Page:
On “Not being seen”

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OnNotBeingSeen

When I first started doing tech in church there was a mantra that we used. We didn’t want anything we did  to distract so we used to say that the point of what we did was to “not be seen”. We wanted to be behind the scenes, which I think a lot of us mistook for being “behind the seens”. You see, church has been around a lot longer than tech and I think that because tech became a necessary hurdle we tried to hide the tech in the name of tradition. As churches got bigger, more people filled the seat, you needed a microphone to hear the speaker and guy to ride the fader. Eventually overheads meant you could do newer songs that weren’t printed in the hymnals, but you also had to have an operator. Tech became needed but it needed to disappear when it wasn’t being used. I know I’ve done my fair share of hiding speakers behind fake plants!

But later the pendulum started swinging and tech became cool. Larger bands, more secular or secular-sounding songs, projectors, and theatrical lighting. And while these things aren’t inherently bad, they can distract from the main purpose of church, and so we still feared seeing the tech team. We hide them in booths in the balcony or in video rooms tucked behind projector closets.

Now don’t get me wrong. It’s not bad that they are here. There are two sided of the coin. At times the production team needs to be hidden. They are moving things when the audience is silent. They are testing things when others are focused on the service. But at the same time we do our tech meetings in greenrooms backstage. We often hold another mantra of “first in, last out”.

But over the years I’m not so sure if I agree with that old mantra of “not being seen” anymore. You see, I think the Church needs to see the tech. The purpose of church tech has changed. I think for a good while the church intentionally or unintentionally tried to stifled it because we didn’t want it to become the main thing. We thought that if we have all of this flashy, techy stuff out in the open it will mean that we’re trying to show off. And while that should be constantly checked, I would argue that instead of us hiding the tech that we all have, we should teach our congregation what we have and why we have it! Now, they don’t care about model numbers and digital-to-analog converters, but I think the general population should be able to and explain why we have a giant projector and moving lights. And foremost, so should we!

The purpose of these things is to tell the story of Jesus. To connect people to Him. And to connect people to one another through Him.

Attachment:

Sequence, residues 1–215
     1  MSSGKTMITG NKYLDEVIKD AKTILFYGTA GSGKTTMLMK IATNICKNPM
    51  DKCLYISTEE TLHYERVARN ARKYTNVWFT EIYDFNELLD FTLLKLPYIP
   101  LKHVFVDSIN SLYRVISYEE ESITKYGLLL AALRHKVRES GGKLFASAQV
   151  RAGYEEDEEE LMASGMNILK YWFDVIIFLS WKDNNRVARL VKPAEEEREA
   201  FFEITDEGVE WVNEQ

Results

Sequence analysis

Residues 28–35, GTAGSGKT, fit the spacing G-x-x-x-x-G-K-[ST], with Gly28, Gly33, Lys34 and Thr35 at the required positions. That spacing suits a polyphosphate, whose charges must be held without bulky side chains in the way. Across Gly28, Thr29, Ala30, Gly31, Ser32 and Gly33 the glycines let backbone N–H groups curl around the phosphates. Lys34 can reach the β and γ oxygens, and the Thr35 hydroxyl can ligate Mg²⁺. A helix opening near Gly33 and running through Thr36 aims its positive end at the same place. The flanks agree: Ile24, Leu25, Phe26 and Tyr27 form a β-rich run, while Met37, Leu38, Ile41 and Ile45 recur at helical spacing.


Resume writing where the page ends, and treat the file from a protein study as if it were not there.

So, I think that we shouldn’t hide the technical gear or the crew; we should either use it to point to Him or not own it at all! And, back to the bigger point, I would like to purpose an alternate montra. Instead of “not being seen”, I say we should “not be the focus”. Because let’s face it – that big ole screen is kind of worthless if it’s hidden behind a wall (or hidden under a bowl). It should be out in the open. We should not be afraid of our tech team being seen. We should, however, be afraid of them becoming the focus. How do we know if we are becoming the focus? For that, you need to ask yourself some honest questions:

  1. Why are people coming into your sanctuary doors? Is it to see what you all came up with this week? How funny the video is or how well you nailed that cover or how entrancing the atmosphere was?
  2. Are you consistently finishing up a series or weekend wondering “how are we going to top that one?”
  3. Are you straight up looking for praises? Is that how you judge a “good” service?
  4. How much were people challenged by Jesus this week? If you were to ask anyone what the whole service was about, what would they say? What was the point?
  5. What is the main point of the tech.

Listen, I think that the Church has been given everything it needs to do what it needs to do. We have been given gear, people, time, and talents to not just put on a service, but we have also been given the challenge, by Jesus, to move and change the world for Him. If we don’t do that, then I think we become a literal banging gong. We have to make Him the focus, not us!

So, ask yourself, before every setlist, equipment purchase, lunch with a volunteer, writing session, video shoot or message, is Jesus the focus. If so, let the tech be seen, and Jesus be the focus!

Steve StoneOn “Not being seen”

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